A larger square banana sheet is used to allow for dough to rise and spread. Use a pair of good kitchen scissors to trim the excess leaves around the random shape of these steamed buns.

Hubby get to be my hero, willing to taste my first Swee Potato Hee Pan. Bravo. Eat them fresh. Every bite is so, so nice.

yong tau foo 釀豆腐

When was the last time you had a joyous Yong Tau Foo meal?

I am sick of all the half passed six Yong Tau Foo (YTF) being served on our plates daily.

If you noticed, the plastic-liked ones, full of cornstarch or synthetic food additives to make a Q-Q bite. I mean they can get away today because the younger generations don’t quite get to taste what we tasted decades back.

Back then, there weren’t wholesalers out there mass producing to serve the pasar malam vendors; wet market food sellers; etc. Every independent store owner were proud cooks and operators. Unlike the absentee ones today replaced by foreign worker cooks.

I remember way back when I was 8 or 9 years old. Fine, that makes it some 40 years back.

My best YTF came from a Hakka village in Salak South where I grew up. The old lady fondly addressed as “Pak Meh” used kurau salted fish, pork and fish paste to laced all the tofus and vegetables. I can remember the aroma and the sizzling sound of delicious meat patties against the brinjals and bittergourds. Heavenly smells and flavoursome bites.

Today, I don’t have to search very far. Momsie’s the answer.

I did not pre-inform her my intention to do YTF, therefore ingredients are not suffice. Fret not, mom is a queen of improvising ingredients and we all should learn too.

A little experiment here and there.

INGREDIENTS:

200 gm     pork

100 gm     fish fillet

2/3 pcs     chinese mushrooms

10 pcs       fried tofu or taukua

2 pulps     garlic

1 stalk      spring onion

1 inch      red carrot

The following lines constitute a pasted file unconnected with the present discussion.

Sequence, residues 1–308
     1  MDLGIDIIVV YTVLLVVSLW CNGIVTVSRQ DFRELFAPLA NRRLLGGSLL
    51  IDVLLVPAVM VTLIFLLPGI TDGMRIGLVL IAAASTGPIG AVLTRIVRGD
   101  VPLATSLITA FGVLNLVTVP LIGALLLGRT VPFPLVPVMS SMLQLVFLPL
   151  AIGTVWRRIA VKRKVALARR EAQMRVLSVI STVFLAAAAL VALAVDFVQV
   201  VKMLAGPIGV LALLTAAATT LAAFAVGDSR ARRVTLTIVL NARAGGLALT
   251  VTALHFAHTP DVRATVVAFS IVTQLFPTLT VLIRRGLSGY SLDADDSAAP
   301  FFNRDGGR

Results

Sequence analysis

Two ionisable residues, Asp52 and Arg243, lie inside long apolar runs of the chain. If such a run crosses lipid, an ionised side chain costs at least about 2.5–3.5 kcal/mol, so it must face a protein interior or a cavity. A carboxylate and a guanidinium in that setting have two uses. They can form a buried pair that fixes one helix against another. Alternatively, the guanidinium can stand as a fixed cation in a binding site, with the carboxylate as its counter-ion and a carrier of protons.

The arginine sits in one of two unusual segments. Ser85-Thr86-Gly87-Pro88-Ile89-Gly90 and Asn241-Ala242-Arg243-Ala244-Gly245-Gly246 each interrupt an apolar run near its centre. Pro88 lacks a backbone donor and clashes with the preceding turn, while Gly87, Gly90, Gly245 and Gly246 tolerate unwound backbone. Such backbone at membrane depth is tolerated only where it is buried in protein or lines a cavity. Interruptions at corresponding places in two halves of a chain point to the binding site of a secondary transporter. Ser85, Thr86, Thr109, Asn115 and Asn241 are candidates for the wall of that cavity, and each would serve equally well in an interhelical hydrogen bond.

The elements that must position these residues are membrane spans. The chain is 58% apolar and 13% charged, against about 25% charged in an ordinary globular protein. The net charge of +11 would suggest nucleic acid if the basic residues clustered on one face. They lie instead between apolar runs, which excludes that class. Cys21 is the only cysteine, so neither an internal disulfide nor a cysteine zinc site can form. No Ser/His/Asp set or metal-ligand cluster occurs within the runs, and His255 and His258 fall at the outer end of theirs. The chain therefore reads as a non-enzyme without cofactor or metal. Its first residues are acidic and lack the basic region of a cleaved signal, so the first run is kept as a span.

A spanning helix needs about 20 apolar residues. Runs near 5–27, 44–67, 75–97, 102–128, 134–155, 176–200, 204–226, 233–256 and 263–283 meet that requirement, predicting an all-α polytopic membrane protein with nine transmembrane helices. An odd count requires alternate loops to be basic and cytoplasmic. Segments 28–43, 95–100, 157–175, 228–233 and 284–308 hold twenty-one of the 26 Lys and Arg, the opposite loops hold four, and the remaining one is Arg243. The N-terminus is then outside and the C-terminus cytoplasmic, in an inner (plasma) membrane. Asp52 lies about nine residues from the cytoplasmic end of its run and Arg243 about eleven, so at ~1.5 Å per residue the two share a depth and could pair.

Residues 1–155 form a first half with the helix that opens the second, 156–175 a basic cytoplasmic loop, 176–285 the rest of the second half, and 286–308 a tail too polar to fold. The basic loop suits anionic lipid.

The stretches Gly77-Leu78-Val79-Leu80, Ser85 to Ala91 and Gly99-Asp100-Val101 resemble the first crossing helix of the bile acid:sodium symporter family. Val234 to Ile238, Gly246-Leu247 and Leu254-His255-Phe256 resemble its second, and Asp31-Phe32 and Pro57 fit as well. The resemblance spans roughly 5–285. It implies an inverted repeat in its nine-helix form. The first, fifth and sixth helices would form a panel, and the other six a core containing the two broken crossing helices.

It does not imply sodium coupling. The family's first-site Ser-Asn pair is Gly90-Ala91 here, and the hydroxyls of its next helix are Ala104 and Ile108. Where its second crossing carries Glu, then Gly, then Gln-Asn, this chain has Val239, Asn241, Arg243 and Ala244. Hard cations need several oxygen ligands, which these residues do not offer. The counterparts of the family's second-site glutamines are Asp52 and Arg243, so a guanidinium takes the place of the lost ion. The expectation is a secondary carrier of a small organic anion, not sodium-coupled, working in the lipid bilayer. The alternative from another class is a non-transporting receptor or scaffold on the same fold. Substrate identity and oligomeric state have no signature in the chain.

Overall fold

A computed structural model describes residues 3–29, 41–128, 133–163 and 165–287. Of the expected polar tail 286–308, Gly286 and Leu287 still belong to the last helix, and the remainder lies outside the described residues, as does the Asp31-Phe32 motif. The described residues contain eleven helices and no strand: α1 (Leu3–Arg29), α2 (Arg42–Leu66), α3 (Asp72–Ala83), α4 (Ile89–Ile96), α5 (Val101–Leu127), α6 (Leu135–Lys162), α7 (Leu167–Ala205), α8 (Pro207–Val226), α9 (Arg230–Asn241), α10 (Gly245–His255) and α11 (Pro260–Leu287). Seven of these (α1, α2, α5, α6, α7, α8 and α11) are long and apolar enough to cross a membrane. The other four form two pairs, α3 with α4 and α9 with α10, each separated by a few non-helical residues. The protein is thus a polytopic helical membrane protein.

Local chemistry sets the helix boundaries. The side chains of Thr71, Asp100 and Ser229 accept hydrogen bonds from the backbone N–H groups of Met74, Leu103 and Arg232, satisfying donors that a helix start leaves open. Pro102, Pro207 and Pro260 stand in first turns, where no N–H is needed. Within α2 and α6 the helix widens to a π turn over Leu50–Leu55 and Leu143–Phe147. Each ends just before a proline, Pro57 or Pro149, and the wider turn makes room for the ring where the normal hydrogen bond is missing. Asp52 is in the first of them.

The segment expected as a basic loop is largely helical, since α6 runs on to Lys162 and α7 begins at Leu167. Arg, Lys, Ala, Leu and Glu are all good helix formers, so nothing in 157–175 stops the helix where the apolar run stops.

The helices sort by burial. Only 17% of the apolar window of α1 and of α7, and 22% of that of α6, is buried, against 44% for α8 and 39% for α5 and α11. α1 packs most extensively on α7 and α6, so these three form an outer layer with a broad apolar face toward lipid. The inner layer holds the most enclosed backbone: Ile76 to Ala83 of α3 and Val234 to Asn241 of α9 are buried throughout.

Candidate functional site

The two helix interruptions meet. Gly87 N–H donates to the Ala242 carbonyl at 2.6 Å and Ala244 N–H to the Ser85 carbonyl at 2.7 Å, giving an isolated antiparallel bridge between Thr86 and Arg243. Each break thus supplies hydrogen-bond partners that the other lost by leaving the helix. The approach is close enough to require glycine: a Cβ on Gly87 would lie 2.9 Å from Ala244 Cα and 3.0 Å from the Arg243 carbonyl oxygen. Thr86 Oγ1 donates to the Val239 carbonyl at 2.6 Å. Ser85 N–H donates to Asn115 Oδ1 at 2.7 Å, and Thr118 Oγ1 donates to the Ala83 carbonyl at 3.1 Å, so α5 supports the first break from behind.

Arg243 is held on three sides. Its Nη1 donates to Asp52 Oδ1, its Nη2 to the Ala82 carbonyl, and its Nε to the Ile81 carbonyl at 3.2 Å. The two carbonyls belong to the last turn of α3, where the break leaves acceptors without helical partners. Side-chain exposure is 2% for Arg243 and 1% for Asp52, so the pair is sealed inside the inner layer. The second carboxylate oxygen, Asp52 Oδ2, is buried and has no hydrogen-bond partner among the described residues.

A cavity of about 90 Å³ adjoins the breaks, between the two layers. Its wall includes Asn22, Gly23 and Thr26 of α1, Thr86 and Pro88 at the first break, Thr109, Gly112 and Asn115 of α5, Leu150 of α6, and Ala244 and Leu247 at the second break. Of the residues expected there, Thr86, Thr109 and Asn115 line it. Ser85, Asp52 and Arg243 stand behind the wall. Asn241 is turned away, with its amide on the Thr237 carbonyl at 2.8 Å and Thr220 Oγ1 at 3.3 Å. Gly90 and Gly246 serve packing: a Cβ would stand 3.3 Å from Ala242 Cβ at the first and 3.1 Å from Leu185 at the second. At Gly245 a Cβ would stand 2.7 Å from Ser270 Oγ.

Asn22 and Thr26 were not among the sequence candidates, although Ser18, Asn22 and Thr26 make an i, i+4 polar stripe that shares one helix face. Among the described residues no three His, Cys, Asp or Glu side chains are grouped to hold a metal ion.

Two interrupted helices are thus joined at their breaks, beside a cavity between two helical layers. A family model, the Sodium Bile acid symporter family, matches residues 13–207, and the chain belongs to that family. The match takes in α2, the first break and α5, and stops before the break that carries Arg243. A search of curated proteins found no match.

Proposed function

1 tsp         salt

1 tsp         cornflour

salt and pepper and a dash of soya sauce

For convenience, you may buy the already pre-minced pork however, momsie’s advise is to choose pork belly that is generously striped with lean and fats. Fresh pork belly meat gives better flavour and bite. Slice thinly , you can easily mince them with a chinese cleaver knife on a thick chopping board.

When the meat is moderately mince, add in garlic, carrots and fish. Notice here that we use prawns to substitute the lack of fish. Mince further.

Move the mince ingredients into a deep bowl. Add in crushed salted fish, finely chopped scallion, salt, pepper and cornflour. Again, we have substituted crushed chopped anchovies/ikan billis for the salted fish. Use hands to fold in all ingredients to the mince meat heartily onto the bowl. When you feel the meat paste sticky and do not fall apart, they are ready.

Momsie is concerned about the quality of tofu that we are using. She could not buy from her regular vendor and we made do with these ugly and crinkled ones from the nearest mini market in Tanjong Minyak. Looks can be deceiving. Fret not.

Old wives advice to get the meat paste well onto tofu would be to dust the holes to be filled with cornflour. Momsie’s tip is to steam the stuffed tofu first.

All the tofu are stuffed and we have some meat paste left. So momsie’s decided to stuff some lady’s fingers from her garden. You can look out for whatever that is available in your kitchen or fridge; chillies, brinjals, bittergourds, mushrooms etc.

Walaw ……. freeze and eat them anyway, anytime in the future!!